Feature Article

August 19, 2016

Gee, that's fast.

As a former network planner, I have to tell you the world in flux is hard to watch.

It was not a surprise to me that The Wall Street Journal found Google Fiber had troubles and struggled in deployment - to the point where they were rethinking their solution and need to be in the business.  What was a surprise was that it made the front page.

You see the game changing often is subtler.

 When we first worked on recommendations to Level 3, our general sense was  you only needed two data centers to provide service across the U.S.

When I first worked on SONET rings, I wondered how long before the central office was going to be looked at as something to bypass.
 

Now I drive by the fiber coils on the poles and think to myself, how does this change the connection point in the central office? 

And then I wonder, is there anything left in all that copper?

This became particularly ponderous to me as I drove out to a friend in one of those developments that got built without phone poles.   Where the Controlled Environment Vault housed a DSLAM. 

I probably have you bored to at this point, so lets cut the glass and talk about copper.

You see G.Fast as a protocol has come of age and Sckipio has gotten its implementation up to 2Gbps with bonding and has broken down some of the distance limitations as well.  The result is that there is life in copper.  Not only that, but the existing copper is being mixed in with fiber and satellite services to change the economics in every thing from MDU to home delivery.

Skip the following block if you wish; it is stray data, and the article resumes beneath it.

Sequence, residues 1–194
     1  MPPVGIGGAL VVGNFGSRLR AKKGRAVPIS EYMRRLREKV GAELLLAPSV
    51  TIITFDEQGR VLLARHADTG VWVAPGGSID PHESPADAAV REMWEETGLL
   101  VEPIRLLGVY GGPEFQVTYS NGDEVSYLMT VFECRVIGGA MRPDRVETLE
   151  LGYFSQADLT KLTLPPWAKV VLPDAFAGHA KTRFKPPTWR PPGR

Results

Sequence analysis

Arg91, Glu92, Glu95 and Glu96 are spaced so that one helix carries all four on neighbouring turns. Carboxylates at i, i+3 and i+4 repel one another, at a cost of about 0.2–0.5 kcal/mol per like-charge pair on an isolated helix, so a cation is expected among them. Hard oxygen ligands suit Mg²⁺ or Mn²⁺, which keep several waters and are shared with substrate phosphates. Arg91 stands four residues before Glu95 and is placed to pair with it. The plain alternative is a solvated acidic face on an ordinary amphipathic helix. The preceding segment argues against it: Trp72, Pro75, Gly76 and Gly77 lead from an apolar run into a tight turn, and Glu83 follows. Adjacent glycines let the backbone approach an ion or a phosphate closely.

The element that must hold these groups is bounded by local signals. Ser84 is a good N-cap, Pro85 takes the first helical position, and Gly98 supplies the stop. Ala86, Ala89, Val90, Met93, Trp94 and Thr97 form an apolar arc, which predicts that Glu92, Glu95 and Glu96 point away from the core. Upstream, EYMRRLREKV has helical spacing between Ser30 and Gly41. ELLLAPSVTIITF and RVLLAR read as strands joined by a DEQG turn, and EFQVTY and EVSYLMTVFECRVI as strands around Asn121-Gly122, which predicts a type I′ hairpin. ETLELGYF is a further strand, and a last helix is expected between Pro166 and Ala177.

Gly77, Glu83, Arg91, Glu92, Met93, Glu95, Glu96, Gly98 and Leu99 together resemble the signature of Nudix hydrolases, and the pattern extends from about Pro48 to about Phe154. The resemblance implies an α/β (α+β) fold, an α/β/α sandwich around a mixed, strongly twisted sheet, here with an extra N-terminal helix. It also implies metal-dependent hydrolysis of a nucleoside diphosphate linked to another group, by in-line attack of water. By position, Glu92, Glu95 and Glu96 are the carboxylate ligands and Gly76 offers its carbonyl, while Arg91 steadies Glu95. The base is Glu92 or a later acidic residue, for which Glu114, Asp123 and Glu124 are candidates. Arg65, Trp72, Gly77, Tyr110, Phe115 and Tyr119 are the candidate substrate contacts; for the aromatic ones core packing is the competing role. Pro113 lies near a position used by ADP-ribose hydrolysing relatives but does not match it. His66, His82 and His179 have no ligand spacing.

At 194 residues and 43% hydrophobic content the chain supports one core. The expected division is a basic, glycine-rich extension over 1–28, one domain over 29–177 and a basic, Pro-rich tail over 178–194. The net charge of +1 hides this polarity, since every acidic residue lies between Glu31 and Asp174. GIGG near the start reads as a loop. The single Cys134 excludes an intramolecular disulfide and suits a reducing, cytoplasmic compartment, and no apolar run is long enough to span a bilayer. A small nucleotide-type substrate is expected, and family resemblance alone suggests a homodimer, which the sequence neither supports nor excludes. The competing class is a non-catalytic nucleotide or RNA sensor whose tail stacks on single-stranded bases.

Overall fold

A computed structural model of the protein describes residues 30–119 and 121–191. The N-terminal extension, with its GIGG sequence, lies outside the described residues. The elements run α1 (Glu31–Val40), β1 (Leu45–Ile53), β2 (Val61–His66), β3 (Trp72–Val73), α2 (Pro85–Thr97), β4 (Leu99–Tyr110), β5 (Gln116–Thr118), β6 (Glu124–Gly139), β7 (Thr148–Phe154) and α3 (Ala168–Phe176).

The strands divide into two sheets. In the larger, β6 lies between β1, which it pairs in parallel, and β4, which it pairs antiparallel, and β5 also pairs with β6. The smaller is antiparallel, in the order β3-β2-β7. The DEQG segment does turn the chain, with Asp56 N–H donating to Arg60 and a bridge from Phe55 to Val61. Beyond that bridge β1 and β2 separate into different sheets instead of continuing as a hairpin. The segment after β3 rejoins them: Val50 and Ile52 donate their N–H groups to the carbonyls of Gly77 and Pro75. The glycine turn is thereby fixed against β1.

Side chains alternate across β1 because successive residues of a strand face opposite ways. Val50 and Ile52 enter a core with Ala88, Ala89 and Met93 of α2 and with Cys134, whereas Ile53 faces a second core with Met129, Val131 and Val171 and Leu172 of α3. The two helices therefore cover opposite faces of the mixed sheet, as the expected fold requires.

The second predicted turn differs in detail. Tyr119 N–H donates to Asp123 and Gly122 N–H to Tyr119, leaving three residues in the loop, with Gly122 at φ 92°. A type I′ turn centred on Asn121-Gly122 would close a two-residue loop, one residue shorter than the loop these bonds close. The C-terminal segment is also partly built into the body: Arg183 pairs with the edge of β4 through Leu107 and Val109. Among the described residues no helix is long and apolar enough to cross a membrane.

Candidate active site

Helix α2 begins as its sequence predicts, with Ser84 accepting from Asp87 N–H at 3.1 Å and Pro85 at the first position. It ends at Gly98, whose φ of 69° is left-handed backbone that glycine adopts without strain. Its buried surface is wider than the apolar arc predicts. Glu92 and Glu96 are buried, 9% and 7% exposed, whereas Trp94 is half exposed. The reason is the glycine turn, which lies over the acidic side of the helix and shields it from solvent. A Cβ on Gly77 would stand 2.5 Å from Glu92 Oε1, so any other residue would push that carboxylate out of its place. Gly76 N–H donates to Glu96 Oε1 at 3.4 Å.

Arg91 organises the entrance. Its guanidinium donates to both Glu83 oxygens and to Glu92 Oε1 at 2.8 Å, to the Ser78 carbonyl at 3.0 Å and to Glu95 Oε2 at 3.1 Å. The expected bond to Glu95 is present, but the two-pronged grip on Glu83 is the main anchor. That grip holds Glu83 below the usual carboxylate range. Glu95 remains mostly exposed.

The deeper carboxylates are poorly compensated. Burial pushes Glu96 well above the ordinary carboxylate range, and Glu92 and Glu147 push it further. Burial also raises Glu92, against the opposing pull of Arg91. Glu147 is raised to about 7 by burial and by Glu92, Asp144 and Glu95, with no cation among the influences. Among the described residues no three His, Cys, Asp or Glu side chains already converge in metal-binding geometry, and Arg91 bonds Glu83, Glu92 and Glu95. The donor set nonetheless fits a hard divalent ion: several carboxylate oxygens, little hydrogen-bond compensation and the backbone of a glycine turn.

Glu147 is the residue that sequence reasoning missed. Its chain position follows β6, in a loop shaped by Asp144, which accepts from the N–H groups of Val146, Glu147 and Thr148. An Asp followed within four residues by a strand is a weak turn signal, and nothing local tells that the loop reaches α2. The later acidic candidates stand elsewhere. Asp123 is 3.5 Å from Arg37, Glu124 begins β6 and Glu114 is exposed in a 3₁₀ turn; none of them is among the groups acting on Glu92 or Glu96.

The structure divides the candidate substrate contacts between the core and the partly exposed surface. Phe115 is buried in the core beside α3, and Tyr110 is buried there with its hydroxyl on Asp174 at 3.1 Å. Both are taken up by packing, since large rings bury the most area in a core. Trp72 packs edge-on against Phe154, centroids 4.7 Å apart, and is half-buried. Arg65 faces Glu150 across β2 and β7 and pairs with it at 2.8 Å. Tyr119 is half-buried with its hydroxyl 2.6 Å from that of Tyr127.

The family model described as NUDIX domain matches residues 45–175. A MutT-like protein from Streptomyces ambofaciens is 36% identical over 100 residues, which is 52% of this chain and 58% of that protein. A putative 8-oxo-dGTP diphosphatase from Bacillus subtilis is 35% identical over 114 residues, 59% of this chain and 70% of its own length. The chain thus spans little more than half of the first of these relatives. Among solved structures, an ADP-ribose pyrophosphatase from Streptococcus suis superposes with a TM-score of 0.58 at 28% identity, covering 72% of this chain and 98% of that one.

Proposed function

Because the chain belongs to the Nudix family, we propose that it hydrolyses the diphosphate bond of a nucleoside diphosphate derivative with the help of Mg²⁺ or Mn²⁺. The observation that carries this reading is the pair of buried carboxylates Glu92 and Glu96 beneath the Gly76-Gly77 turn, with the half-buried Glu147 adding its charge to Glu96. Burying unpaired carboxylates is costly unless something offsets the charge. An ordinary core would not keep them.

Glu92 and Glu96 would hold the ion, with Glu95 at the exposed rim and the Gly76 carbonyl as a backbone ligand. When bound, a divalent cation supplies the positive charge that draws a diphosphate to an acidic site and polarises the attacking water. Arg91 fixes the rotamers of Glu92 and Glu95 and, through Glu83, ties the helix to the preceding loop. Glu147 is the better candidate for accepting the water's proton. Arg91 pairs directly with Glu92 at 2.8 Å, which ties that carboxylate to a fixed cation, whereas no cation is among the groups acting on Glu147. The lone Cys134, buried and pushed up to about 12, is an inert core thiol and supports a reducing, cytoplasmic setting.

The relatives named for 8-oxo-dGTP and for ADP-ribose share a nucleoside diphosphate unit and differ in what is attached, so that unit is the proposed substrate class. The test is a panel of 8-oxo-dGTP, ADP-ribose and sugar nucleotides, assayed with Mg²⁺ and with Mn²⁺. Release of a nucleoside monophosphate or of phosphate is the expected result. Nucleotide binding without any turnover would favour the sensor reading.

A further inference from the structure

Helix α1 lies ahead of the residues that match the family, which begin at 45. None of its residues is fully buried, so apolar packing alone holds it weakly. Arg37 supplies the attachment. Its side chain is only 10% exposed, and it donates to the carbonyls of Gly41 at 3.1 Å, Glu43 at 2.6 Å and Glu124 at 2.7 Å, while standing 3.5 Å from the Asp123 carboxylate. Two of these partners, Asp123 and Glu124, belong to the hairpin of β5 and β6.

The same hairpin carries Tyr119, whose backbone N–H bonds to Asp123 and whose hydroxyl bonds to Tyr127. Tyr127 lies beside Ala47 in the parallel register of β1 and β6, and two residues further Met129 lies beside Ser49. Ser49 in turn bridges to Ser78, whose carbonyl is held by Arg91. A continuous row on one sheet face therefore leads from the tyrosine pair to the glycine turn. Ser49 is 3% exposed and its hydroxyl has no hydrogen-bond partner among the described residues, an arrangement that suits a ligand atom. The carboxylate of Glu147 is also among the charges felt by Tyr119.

Talking to Michael Weissman about an implementation they did with Windstream and Calix’s AXOS solution, I was struck by how copper was now starting to resemble the early fiber market.  

In the old days, Level3 and Global Crossing would have excess capacity to sell as they deployed local services. Now, the copper in MDUs and existing installments are assets worth reconnecting to deliver the need speeds.

In contrast to some of the small cell costs, I would say copper has found a sweet spot again. 

Because “Gee. It’s Fast.” 




Edited by Stefania Viscusi


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